A Brief Anti-Racist Reading List to Educate Yourself and Your Friends

Like many people, anti-black racism has always been on my periphery.

It’s something I’ve studied briefly at university and always been aware of. However, I’ve never invested considerable time into dismantling my own prejudices.

I’ve read *some* books, watched *some* films and amplified *some* black voices on my social media platforms. But this is not enough.

I need to spend more time learning about racism in order to chip away at my conscious and unconscious biases.

And it’s something I encourage all non-black people to do too.

Educating yourself about anti-black racism is the first step to being an anti-racist.

But equally, don’t place this burden on black people – it’s not their job to answer your questions. There are countless books to read, films to see and podcasts to listen to. Even better, there are countless free resources online if you’re struggling for cash in the pandemic.

There are, of course, problems with these kinds of lists.

Writing in Vulture, Lauren Michele Jackson states that: “between giving and receiving [an anti-racist reading list], lies a great gulf. No one can quite account for what happens. Reading, hopefully, but you never can be sure.”

I’ve put a star next to the titles I own in this list. If you’re in the Sheffield area, I can post them to you. All I ask in return is that you donate the money you would’ve spent to an anti-racist charity (£10 suggestion). Browsing this list alone is not enough to educate yourself – go out there and read, watch, listen and think.

Another thing: try to think beyond their educational value. These lists run the risk of creating a “gooey mass” of texts that are defined as ‘anti-racist books’ only. They’re much more than this.

Think about language, form, and style. These works don’t just exist to educate non-black people – they’re pieces of art in their own right, comprising of several genres and forms. Only appreciating them as educational tools does them a disservice.

Below are some top picks to get you started. It’s by no means exhaustive – in fact, it’s probably the bare minimum and only covers UK/US authors. But hopefully it’ll set you off on a path to educating yourself and your family, friends and colleagues.

Non-Fiction Books (UK)

  • *The Good Immigrant edited by Nikesh Shukla. A series of essays edited by Nikesh Shuklah about race and immigration.
  • Why I’m No Longer Talking to White People About Race by Reni Eddo-Lodge. An accessible introduction to race in Britain.
  • Natives: Race and Class in the Ruins of Empire by Akala. A look into Britain’s colonial past, which is often ignored in the UK history syllabus.
  • Brit(ish): On Race, Identity and Belonging by Afua Hirsch. A memoir/investigation hybrid about Britishness and race.
  • Black and British: A Forgotten History by David Olusoga. Traces black people’s role in British history from the Roman Empire.
  • Mother Country edited by Charlie Brinkhurst-Cuff. 22 stories from the Windrush generation.
  • Superior: The Return of Race Science by Angela Saini. Exposes the groups using science to perpetuate biological racism.
  • I Will Not Be Erased from gal-dem. A collection of essays about growing up in the UK from the award-winning magazine.
  • White Privilege: The Myth of a Post-Racial Society by Kalwant Bhopal. A great introduction to the link between privilege and politics.

Fiction Books (UK)

  • Girl, Woman, Other by Bernadine Evaristo. The Man Booker Prize-winning book comprising of 12 interconnecting stories of black people in the UK.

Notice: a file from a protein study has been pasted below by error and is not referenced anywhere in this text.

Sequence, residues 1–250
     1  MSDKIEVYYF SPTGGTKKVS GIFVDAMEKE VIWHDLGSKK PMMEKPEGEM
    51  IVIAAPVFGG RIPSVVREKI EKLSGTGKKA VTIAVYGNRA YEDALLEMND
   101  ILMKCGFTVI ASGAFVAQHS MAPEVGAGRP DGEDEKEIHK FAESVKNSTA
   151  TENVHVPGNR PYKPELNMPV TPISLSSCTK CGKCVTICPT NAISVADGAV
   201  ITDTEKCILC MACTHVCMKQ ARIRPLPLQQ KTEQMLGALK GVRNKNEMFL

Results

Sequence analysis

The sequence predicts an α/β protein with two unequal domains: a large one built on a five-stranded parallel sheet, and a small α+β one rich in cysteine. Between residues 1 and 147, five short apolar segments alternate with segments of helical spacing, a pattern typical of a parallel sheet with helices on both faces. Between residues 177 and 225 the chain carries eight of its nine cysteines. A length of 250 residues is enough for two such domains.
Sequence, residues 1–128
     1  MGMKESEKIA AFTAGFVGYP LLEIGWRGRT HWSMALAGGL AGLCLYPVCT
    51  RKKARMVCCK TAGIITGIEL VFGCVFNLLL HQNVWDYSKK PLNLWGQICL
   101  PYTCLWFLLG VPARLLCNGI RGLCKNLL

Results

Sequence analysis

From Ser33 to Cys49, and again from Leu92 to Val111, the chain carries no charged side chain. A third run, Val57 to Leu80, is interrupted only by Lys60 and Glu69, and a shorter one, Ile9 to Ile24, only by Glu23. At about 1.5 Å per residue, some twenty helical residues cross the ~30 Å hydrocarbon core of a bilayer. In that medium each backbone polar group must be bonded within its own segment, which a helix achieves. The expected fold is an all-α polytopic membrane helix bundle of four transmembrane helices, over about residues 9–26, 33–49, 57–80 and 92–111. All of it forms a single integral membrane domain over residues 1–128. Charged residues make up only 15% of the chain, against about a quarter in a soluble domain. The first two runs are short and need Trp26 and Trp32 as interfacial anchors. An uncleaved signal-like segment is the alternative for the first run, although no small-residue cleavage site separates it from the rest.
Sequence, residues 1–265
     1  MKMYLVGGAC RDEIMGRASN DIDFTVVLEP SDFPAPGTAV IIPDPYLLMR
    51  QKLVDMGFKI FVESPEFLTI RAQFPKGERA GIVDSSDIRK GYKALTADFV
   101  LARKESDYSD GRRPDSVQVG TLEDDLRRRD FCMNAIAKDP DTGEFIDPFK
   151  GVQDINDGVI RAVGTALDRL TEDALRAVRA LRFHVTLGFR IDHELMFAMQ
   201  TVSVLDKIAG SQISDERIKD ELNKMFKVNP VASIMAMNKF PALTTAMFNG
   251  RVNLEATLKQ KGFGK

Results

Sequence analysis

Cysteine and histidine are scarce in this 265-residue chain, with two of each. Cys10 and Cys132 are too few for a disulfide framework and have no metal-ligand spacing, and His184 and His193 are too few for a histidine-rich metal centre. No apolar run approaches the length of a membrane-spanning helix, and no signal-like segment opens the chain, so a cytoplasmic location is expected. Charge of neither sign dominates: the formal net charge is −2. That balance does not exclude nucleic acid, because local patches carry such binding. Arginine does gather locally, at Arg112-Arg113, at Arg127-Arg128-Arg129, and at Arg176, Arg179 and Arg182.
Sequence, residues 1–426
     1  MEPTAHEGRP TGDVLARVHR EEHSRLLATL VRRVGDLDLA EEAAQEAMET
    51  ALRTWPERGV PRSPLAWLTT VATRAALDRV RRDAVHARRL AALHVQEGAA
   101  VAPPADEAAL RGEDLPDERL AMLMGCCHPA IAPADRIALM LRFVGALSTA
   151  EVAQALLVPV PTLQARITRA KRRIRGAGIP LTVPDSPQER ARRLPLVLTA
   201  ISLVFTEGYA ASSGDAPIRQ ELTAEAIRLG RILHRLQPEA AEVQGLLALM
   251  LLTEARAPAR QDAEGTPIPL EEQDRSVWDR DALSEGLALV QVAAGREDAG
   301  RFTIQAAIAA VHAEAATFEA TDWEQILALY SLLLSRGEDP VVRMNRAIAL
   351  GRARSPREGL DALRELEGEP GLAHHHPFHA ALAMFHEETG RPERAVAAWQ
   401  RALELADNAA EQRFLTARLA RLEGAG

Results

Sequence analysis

• Queenie by Candice Carty-Williams. A funny novel about being a black woman in the 21st century.
  • Ordinary People by Diana Evans. This novel follows the lives of two couples in South London and their marital crises.
  • Love in Colour by Bolu Babalola. Pre-order this reimagining of popular love stories and mythical tales from around the world.
  • Rainbow Milk by Paul Mendez. A brand new book for 2020 about a black British teenager coming to terms with his race, religion and sexuality.

Non-Fiction Books (US)

  • How To Be an Antiracist by Ibram X. Kendi. A powerful book from one of America’s leading voices on civil rights.
  • White Fragility: Why it’s so Hard for White People to Talk About Racism by Robin DiAngelo. A great book for beginning to interrogate your own privilege.
  • When They Call You a Terrorist by Patrisse Cullors. A book about the death of black Americans at the hands of law enforcement by one of the founders of Black Lives Matter.
  • So You Want to Talk About Race by Ijeoma Oluo. Answers key questions like ‘What is a microaggression?’
  • Sister Outsider by Audre Lorde. A series of essays by the leading writer, feminist and civil rights activist.
  • The Negro Artist and the Racial Mountain by Langston Hughes. A seminal essay from one of America’s most important black writers.
  • Well-Read Black Girl: Finding Our Stories, Discovering Ourselves edited by Glory Edim. A useful text about black feminism.

Fiction Books (US)

  • *Citizen by Claudia Rankine. A powerful and fascinating hybrid of poetry, prose and multimedia.
  • *Salvage the Bones by Jesmyn Ward. The story of a black family hit by hurricane Katrina.
  • *Coal by Audre Lorde. Collection of poetry by the black feminist author and activist.
  • *Thomas and Beulah by Rita Dove. The Pulitzer Prize winning poetry collection that combines lyricism with history and politics.
  • *I Know Why the Caged Bird Sings by Maya Angelou. A confessional work about growing up black in America in the 20th century.
  • *Selected Poems by Langston Hughes. An iconic collection of Hughes’ poems from the Harlem Renaissance.
  • If Beale Street Could Talk by James Baldwin. The black queer writer’s novel about a couple torn apart by an unjust prison sentence. Last year was turned into a film by Barry Jenkins of Moonlight fame.

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